By Seema Alavi (auth.)
Read or Download Islam and Healing: Loss and Recovery of an Indo-Muslim Medical Tradition, 1600–1900 PDF
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Additional resources for Islam and Healing: Loss and Recovery of an Indo-Muslim Medical Tradition, 1600–1900
These traditions were sanctified by being attributed to the Holy Prophet-who may have given medical advice occasionally. This medical tradition referred to the Quran and the Hadith as the highest referents oflegitimacy and transformed tribal Bedouin medical lore into an intrinsic part of the holy legacy of the Prophet. 27This Islamically inspired medical system is referred to by anthropologists and historians as Prophetic medicine, and it competed with the Arabic-Persian or Galenic-driven Unani.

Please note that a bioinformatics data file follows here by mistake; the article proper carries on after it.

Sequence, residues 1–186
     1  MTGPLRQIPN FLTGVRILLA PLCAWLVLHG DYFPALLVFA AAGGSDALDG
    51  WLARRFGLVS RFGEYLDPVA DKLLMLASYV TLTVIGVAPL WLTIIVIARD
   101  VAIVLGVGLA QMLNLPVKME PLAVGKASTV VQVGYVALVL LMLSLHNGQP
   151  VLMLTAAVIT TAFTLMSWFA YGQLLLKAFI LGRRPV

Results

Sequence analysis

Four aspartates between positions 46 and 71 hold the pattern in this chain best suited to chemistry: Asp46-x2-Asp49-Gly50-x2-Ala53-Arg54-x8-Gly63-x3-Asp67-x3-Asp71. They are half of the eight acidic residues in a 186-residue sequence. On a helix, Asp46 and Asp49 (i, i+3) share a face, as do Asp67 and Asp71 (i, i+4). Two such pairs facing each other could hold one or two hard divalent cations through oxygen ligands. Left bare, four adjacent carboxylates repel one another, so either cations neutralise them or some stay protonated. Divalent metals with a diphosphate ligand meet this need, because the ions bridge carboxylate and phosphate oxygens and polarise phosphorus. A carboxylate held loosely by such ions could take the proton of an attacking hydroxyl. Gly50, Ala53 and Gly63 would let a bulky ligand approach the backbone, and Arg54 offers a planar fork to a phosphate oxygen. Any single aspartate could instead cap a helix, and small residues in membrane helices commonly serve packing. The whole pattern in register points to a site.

Members of such professional families did not directly participate in nationalist or Muslim politics of the time. They were keener to safeguard their professional space. This adds a new dimension to our understanding of the Muslim politics of the time. It is not insignificant that, even though not actively involved in the Congress or nationalist politics of the period, in 1947 not a single member from the Lucknow family ofhakims opted to migrate to Pakistan. Their story shows that there was no simple march to either a 'secular' territorial nation state or a Muslim separatist one.
The second volume, copied in 1193 hijri, concentrates on amali tibb (practical medicine). It follows Hippocrates' dietetics as a guarantee of health. It offers copious details of comportment, conduct, diet, and deportment that are critical for harmony between individual and society. It argues that proper individual comportment prevents disease and keeps the body healthy. Here health is very clearly about social well being and gentlemanly conduct, in the Persianate style. 60 The third volume discusses surgery, bloodletting, and the diseases of women and children.